Yes, I know, it’s a terrible pun, but I really do think the Aerospace and Defence sector is defensive in more ways than one, and I reckon it’s a great sector to be in for the long term to beat our likely post-Brexit economic weakness.
I’m not the only one who thinks so, as you’ll see if you take a look at the QinetiQ Group (LSE: QQ) share price chart. QinetiQ shares have climbed 58% over the past two years, and others in the same sector have been gaining too, even if not to the same extent.
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The QinetiQ price gained an extra 6% Thursday morning on the back of interim results, as the six months to 30 September brought in a 16% jump in operating profit over the same period a year ago, to £59.7m. Underlying earnings per share picked up 14%, and the interim dividend was kept level at 2.2p per share.
The firm’s total funded order backlog has soared to £3.1bn, with £411m in orders added in the period. And on the cash front, net operational cash flow rose by 50% to £77m, with net cash at 30 September standing at £173.5m — down from £220.8m a year previously, but still strong.
Forecasts put the shares on a P/E of 16.5, though that’s based on a predicted modest drop in full-year EPS, and I think that will need to be upgraded now. Dividend yields are modest at around 2.2%, but they’re progressive and that’s what really matters.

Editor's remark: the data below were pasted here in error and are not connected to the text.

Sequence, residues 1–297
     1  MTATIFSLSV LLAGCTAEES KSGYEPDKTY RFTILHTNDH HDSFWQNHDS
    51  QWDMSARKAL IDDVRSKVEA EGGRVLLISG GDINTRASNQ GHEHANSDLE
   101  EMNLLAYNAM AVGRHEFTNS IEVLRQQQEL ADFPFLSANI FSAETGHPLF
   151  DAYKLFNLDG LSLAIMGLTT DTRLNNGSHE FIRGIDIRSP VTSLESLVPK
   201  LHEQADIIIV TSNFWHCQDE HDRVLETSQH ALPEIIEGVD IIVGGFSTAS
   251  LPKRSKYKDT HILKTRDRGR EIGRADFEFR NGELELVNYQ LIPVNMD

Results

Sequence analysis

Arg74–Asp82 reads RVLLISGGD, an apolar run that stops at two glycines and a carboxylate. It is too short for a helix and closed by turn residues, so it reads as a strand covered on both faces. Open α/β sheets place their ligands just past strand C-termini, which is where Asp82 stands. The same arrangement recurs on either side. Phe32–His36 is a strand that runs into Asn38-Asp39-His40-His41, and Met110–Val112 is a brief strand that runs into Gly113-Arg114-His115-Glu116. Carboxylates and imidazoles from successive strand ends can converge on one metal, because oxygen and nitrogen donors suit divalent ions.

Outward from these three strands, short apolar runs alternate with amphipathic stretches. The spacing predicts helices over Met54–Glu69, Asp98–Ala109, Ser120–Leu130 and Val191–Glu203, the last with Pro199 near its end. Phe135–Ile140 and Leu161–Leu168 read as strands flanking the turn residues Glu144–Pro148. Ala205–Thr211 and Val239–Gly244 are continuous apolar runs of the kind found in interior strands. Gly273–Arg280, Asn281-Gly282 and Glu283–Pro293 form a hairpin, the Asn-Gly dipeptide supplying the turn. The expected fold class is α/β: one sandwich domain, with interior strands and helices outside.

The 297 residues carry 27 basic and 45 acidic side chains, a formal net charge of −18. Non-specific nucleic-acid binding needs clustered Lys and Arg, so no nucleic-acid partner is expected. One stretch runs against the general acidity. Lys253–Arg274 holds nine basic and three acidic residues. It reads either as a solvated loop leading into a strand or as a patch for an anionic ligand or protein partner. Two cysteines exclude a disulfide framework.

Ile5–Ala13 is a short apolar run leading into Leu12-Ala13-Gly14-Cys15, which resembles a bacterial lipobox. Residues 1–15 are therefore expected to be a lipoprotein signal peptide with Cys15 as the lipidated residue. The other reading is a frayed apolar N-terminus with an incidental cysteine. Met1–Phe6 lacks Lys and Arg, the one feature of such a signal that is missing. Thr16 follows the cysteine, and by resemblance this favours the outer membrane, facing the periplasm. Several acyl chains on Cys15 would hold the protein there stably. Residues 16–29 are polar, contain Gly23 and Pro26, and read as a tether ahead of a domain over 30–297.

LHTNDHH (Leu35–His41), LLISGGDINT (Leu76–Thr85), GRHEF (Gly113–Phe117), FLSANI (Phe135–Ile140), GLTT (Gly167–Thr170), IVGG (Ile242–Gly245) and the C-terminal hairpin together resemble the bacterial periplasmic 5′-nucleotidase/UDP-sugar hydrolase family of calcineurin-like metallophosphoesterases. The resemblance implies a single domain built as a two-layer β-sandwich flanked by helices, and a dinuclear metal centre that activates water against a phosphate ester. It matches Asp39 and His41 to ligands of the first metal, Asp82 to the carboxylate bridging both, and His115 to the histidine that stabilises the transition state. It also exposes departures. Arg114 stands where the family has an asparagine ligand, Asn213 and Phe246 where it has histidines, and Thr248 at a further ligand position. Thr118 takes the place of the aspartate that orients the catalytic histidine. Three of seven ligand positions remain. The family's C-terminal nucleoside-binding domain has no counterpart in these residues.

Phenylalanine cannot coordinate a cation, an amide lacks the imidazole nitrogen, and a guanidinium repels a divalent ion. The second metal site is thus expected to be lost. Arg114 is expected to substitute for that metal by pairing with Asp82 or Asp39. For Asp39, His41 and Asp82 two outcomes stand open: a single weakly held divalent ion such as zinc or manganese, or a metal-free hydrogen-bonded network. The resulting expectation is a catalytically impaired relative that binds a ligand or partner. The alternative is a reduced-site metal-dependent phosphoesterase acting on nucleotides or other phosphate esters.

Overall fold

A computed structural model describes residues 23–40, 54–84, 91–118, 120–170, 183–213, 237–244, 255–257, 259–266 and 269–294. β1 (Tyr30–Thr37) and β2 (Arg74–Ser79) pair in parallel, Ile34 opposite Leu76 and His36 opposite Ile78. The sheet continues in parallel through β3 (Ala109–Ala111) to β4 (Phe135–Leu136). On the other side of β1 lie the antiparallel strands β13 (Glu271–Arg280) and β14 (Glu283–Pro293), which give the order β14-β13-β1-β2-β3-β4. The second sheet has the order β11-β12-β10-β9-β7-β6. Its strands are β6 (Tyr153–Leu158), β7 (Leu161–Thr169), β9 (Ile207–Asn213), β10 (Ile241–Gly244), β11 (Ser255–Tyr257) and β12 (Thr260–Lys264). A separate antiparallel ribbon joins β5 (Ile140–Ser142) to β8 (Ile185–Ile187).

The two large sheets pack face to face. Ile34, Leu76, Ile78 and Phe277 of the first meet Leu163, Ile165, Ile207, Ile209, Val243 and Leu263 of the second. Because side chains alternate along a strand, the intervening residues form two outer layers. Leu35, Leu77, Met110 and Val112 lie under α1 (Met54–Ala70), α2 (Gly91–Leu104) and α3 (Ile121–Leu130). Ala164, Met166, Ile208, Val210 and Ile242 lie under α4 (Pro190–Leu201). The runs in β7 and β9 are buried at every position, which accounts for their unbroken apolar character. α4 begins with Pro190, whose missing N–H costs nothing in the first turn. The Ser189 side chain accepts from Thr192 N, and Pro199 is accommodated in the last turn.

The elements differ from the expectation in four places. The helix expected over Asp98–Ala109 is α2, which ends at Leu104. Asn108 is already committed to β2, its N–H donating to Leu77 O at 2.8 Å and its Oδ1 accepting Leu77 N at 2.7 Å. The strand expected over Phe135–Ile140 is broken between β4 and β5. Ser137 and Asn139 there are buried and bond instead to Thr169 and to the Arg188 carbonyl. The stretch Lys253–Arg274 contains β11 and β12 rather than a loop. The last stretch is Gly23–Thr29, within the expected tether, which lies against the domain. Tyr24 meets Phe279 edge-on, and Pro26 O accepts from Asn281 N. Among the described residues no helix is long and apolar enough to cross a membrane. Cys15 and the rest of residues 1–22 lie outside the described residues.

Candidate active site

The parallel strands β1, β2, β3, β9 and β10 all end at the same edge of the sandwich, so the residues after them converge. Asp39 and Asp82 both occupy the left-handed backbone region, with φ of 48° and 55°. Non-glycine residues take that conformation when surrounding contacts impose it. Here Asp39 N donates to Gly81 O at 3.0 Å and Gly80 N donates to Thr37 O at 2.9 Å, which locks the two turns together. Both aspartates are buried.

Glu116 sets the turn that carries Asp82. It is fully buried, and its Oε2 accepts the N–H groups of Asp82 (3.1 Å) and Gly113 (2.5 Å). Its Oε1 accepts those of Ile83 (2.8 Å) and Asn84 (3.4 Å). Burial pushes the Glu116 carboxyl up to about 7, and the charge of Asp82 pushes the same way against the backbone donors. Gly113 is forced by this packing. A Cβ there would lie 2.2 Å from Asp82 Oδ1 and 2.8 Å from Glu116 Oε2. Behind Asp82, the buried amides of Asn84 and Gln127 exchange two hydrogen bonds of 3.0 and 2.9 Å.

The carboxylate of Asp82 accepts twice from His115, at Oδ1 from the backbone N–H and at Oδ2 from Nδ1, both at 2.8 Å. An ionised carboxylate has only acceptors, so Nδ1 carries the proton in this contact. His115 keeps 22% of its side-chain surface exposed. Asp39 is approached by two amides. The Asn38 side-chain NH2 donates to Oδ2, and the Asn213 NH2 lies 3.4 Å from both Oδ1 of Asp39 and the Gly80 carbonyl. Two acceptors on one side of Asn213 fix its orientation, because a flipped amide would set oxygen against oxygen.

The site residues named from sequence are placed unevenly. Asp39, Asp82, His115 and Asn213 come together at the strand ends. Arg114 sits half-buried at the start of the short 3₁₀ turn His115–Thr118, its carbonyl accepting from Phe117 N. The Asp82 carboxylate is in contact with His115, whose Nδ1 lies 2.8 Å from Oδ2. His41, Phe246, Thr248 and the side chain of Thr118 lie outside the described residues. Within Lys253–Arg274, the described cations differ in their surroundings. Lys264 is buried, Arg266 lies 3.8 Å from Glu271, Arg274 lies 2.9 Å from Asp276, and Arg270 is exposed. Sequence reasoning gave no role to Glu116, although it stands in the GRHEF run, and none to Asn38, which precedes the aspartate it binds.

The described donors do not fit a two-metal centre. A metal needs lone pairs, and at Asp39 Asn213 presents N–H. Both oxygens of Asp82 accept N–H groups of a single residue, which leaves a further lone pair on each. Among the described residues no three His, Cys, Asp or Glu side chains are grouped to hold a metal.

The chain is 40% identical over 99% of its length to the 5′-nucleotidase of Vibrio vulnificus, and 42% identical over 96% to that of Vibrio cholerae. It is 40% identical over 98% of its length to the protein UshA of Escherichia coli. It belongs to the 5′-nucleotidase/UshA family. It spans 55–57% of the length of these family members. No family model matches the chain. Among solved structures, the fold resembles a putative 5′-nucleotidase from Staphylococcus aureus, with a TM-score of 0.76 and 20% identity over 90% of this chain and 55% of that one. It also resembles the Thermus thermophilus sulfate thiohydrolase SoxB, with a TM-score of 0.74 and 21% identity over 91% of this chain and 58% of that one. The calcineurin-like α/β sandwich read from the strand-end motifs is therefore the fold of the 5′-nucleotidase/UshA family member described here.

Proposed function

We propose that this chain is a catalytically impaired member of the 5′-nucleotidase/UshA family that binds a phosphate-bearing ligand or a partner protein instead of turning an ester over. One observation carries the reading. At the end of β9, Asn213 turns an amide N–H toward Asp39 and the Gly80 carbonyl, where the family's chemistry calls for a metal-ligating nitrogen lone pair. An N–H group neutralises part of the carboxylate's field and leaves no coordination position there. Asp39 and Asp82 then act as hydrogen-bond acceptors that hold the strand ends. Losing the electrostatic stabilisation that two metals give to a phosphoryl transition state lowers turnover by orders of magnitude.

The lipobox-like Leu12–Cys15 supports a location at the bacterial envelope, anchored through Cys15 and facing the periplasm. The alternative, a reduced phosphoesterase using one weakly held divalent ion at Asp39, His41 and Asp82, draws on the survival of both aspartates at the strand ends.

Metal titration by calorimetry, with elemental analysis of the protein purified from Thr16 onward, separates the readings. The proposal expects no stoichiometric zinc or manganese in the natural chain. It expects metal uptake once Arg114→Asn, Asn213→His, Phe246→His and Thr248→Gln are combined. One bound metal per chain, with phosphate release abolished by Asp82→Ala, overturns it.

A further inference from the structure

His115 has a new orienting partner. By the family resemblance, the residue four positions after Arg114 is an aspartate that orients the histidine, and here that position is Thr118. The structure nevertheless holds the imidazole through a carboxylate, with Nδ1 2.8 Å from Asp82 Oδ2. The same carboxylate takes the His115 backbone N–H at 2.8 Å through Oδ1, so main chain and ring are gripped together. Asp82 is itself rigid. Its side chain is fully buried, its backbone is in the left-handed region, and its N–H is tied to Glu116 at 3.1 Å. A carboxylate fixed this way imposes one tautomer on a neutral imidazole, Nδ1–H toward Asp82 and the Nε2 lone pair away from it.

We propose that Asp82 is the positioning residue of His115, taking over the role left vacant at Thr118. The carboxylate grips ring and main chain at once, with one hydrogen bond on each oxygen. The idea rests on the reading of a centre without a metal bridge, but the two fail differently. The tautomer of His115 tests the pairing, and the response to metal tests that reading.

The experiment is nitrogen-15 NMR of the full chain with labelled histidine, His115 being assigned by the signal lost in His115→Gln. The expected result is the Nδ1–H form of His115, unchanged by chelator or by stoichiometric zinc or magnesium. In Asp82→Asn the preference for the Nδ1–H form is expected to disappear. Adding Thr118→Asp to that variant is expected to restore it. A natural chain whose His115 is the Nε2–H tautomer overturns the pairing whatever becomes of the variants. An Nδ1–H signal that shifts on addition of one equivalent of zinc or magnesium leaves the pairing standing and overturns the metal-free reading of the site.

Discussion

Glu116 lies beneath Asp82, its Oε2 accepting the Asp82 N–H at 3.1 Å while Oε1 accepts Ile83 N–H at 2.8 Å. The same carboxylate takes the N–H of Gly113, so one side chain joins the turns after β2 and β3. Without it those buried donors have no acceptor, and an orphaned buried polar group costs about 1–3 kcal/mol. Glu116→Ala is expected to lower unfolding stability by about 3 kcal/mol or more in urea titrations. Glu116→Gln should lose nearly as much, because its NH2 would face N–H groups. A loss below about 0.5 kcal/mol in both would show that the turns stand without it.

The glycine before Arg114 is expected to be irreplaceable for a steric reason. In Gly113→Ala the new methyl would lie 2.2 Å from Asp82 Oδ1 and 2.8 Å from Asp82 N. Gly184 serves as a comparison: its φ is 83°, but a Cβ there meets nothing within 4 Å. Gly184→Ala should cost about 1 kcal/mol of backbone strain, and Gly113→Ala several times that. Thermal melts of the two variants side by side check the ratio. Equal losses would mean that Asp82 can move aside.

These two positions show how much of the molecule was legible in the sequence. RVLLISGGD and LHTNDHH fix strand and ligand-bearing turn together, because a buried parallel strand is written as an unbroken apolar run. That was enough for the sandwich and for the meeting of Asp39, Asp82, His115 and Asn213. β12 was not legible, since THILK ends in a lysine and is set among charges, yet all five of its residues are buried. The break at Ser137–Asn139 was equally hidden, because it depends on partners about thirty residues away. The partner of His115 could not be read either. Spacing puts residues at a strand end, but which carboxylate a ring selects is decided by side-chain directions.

Does this look, in Warren Buffett’s words, like a great company at a fair price? I think so, a very fair price indeed considering QinetiQ’s excellent cash flow characteristics. It’s in the top 10 on my potential buy list.
Shares in Meggitt (LSE: MGGT) haven’t done quite as well as QinetiQ’s, but we’re still looking at a 30% gain over two years, and the stock is valued on a P/E multiple of 17.7 this year, dropping to 16 on 2020 forecasts. That’s a slightly higher valuation than QinetiQ, but dividend yields are a bit better too at around 2.8% while still being attractively progressive.
At the interim stage, Meggitt reported a more modest gain in underlying operating profit at 6%, with underlying earnings per share up by the same percentage. In this case we saw a 5% boost to the first-half dividend, which is in line with full-year expectations.
Free cash flow was up by an impressive 80%, but the first major difference between the two companies is cash — Meggitt was carrying net borrowings of a little over £1bn at 30 June.
The firm’s Q3 update a couple of days ago looked reasonably positive, and apart from some fallout from the Boeing 737 MAX problems, trading was better than expected. Margins are being squeezed a little, though organic revenue outlook has been lifted a fraction from the 4%-6% range to 6%-7%.
With forecasts for EPs growth of 7% this year and 11% next, after a few years of ups and downs (which is common in this industry with its years-long contracts and periodic payments), I think Meggitt looks like a decent long-term investment.
But for me it’s not up with QinetiQ, which remains my pick of the sector.